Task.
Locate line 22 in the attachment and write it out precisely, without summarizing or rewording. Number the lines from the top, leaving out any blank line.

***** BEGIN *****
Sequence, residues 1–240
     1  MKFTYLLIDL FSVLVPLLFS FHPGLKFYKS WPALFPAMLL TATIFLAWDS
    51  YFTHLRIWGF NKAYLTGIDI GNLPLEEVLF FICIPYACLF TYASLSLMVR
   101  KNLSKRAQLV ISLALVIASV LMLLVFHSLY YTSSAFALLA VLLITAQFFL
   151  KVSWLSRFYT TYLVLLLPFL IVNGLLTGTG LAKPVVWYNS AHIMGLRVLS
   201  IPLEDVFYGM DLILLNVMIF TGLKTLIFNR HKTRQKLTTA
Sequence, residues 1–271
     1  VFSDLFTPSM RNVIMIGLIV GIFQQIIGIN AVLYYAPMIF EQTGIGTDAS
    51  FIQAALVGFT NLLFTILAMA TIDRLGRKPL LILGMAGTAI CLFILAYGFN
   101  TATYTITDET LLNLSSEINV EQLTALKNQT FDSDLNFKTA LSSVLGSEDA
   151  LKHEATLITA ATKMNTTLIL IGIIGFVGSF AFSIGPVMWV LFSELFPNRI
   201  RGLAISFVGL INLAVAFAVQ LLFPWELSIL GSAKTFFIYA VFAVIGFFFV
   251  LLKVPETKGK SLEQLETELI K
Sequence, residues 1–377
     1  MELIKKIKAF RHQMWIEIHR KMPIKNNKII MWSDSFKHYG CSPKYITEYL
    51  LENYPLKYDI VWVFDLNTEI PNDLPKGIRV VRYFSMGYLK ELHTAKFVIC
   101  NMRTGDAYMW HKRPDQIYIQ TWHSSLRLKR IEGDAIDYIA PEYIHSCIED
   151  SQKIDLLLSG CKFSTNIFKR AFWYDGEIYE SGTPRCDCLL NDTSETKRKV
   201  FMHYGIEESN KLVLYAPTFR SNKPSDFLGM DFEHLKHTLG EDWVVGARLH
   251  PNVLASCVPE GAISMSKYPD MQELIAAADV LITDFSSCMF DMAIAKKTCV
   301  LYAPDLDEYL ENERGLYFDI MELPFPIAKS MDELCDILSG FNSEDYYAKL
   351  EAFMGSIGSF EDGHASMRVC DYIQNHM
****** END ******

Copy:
   351  EAFMGSIGSF EDGHASMRVC DYIQNHM